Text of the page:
The Dan Brubeck Quartet
Live From the Cellar
[Blue Forest Records]
Buffalo misses Dave Brubeck, who used to come often to our town. It was sad to lose him in December 2012, a day before his 92nd birthday. Brubeck’s wife, Iola, died a little more than a year afterward. This disc, anchored by their drummer son, Dan, is a heartfelt tribute to both of them.
Dave and Iola Brubeck’s careers were intertwined in various ways. Not only did she write lyrics for his songs, but, as Dan writes, she actually influenced jazz, by bringing it out of the nightclubs and onto college campuses. She also helped with his religious music, researching and distilling texts.
This double-CD set includes 14 Brubeck songs, performed in a lighthearted, leisurely manner. There are texts to all the songs and fascinating notes about them by Iola, written down by her in the months before she died. Iola’s lyrics are simple but add so much to an already beautiful melody like “Summer Song.” And she fitted out “It’s a Raggy Waltz,” which I’ve always loved as an instrumental, with lyrics that are nothing less than ingenious. (The melody was there first. I checked.)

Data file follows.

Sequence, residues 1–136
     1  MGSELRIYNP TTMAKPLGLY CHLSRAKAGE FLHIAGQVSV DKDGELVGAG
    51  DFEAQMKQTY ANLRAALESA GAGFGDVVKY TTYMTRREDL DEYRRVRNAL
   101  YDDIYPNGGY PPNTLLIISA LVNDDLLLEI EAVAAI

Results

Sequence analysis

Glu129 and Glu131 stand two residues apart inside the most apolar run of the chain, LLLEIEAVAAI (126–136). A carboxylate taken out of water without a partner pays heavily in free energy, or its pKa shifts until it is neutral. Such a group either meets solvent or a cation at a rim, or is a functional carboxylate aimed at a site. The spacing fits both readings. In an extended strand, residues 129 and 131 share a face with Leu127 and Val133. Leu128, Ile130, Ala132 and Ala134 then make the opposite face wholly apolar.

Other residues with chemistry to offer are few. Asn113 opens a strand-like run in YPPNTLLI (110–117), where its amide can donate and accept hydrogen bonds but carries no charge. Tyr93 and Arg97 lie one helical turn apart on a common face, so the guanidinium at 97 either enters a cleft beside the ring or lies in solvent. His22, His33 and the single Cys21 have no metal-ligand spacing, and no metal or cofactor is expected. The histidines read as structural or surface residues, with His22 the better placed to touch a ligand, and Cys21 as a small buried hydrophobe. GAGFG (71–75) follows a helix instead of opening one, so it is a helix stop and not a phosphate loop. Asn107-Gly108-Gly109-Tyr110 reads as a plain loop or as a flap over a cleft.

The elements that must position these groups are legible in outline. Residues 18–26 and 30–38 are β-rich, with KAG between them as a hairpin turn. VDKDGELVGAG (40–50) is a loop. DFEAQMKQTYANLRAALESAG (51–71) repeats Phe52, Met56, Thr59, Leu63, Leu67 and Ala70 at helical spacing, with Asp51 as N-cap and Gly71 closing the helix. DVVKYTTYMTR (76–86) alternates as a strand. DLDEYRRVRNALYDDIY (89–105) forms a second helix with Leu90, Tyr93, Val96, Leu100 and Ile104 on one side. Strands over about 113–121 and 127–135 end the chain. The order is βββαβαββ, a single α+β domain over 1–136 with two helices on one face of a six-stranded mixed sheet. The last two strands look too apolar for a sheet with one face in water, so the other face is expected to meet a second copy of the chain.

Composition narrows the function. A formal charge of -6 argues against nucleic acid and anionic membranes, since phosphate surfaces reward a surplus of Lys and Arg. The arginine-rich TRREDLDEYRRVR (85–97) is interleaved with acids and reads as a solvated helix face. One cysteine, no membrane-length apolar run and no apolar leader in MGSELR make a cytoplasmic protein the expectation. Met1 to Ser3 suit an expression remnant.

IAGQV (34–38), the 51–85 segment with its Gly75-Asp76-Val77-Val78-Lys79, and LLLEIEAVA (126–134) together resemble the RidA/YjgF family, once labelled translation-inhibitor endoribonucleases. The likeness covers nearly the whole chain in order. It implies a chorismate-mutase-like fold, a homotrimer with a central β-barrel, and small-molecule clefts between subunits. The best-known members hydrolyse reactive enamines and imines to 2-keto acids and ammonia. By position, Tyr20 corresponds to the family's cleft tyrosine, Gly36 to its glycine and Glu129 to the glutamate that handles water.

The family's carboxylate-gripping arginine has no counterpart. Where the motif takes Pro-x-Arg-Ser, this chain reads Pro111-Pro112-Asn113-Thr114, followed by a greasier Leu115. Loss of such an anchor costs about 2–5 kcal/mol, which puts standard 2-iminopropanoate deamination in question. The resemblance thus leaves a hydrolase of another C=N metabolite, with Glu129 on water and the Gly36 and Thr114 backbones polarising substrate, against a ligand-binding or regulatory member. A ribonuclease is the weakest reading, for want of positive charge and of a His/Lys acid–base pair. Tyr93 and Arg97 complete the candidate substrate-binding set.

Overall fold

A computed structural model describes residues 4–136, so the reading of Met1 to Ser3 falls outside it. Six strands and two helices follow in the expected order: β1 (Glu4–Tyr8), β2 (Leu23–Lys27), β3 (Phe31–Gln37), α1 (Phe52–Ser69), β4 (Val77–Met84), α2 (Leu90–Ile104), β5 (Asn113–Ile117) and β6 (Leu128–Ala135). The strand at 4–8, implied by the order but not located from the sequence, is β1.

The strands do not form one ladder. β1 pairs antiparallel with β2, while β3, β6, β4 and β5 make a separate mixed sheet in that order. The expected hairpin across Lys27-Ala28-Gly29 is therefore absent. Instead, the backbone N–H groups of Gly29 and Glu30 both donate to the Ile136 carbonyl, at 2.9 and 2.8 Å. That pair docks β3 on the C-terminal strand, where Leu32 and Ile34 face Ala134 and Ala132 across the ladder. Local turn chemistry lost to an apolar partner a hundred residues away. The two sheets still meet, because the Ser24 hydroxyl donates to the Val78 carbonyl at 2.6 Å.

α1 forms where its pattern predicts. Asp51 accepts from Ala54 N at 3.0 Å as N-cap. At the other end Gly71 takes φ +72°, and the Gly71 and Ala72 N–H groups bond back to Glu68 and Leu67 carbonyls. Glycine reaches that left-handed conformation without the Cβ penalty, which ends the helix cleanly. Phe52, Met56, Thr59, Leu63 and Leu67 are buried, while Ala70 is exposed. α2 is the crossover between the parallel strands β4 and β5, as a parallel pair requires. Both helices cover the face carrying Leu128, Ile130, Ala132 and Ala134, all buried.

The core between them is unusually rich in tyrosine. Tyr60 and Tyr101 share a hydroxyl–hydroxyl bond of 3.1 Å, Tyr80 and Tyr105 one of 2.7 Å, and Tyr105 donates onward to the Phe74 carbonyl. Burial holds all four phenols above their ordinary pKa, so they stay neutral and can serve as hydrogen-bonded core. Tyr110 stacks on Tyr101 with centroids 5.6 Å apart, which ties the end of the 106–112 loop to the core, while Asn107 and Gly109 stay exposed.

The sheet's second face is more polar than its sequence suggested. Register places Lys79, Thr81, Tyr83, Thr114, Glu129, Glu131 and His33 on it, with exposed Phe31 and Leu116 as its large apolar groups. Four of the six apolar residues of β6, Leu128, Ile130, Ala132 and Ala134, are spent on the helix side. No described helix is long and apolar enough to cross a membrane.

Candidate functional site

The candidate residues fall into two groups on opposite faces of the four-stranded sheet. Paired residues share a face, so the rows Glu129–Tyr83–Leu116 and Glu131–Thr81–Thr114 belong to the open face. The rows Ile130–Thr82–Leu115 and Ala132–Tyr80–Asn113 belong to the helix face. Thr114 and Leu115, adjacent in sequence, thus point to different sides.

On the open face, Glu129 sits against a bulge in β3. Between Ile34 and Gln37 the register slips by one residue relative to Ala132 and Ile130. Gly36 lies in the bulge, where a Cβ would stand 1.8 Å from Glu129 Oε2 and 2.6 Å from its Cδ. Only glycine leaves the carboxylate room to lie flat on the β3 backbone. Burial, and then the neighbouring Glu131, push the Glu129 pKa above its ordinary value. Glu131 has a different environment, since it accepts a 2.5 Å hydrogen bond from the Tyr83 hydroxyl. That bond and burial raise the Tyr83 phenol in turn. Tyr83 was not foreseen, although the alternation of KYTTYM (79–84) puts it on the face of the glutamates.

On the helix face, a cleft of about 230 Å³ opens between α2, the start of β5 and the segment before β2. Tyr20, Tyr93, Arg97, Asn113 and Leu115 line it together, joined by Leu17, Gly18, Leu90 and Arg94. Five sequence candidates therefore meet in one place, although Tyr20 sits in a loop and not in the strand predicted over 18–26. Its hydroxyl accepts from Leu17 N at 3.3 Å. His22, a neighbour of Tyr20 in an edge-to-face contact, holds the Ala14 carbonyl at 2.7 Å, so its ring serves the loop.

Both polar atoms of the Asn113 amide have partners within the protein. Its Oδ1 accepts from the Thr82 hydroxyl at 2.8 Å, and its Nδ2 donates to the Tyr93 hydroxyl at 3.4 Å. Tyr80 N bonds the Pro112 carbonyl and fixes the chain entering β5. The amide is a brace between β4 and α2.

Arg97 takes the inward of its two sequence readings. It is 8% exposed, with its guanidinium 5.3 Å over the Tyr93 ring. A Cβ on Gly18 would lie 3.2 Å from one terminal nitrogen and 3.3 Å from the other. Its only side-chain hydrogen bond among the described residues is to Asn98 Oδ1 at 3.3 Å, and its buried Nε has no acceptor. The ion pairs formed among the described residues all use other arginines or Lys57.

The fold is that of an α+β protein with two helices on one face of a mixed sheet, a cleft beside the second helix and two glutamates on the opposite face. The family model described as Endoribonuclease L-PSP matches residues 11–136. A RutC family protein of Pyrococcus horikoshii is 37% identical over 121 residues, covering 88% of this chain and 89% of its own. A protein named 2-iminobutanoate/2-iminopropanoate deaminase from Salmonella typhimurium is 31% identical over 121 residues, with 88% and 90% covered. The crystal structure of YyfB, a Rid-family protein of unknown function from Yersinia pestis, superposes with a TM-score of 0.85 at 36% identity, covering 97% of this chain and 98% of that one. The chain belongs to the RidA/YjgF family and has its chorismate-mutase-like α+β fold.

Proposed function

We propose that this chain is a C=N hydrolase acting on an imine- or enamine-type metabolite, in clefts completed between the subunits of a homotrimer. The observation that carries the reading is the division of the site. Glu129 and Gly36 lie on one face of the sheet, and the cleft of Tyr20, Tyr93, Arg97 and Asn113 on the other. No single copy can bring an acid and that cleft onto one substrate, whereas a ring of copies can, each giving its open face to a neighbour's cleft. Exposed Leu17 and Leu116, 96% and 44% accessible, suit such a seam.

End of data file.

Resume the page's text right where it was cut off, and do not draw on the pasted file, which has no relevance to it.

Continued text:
The lullabylike “Ode To a Cowboy,” the early song “Weep No More,” the excerpt from Brubeck’s 1979 “Mass: To Hope!” called “The Desert and the Parched Land” … we should hear these songs more, I kept thinking. Jazz singers should sing these more in clubs. Classical singers should put them into recitals, too. Though most of these songs were performed for the first time by Carmen McRae, “Strange Meadowlark” also was sung by the great mezzo soprano Frederica von Stade.
The performances here are lovely, and make such a strong case for the music. They are not overbearing or grating. The saxophone solos, by Steve Kaldestad, are brief and eloquent. Tony Foster’s piano is modest and graceful. Brubeck doesn’t shove his drumming down your throat. And bassist Adam Thomas has a sweet, laid-back, hipster style of singing. The whole project endears itself through its lack of pretentiousness. So much like Brubeck himself – and his wife, too, I imagine. I never met her, though now I feel I have.
– Mary Kunz Goldman
Paquito D’Rivera & Quintetto Cimarron
In Aires Tropicales
Luis Perdomo & Controlling Ear Unit
You have to figure that the separate peace with Cuba that the jazz world declared long ago had something to do with the Obama administration’s newfound catch-up peace with Castro’s Cuba. Americans have been thrilling to jazz from Cuba from the beginning, but post-Castro since Irakere in 1980 announced itself with a group that contained pianist Chucho Valdes, trumpet player Arturo Sandoval and alto saxophonist and clarinetist Paquito D’Rivera.
The great soloists of Irakere have all been completely at home just about everywhere jazz is listened to. The great D’Rivera, now 66, was invited to a symposium in Santiago de Compostela in Galicia, Spain. While he was there, he said, he became enthralled with a quintet of Cuban string musicians living in Galicia called Cimarron.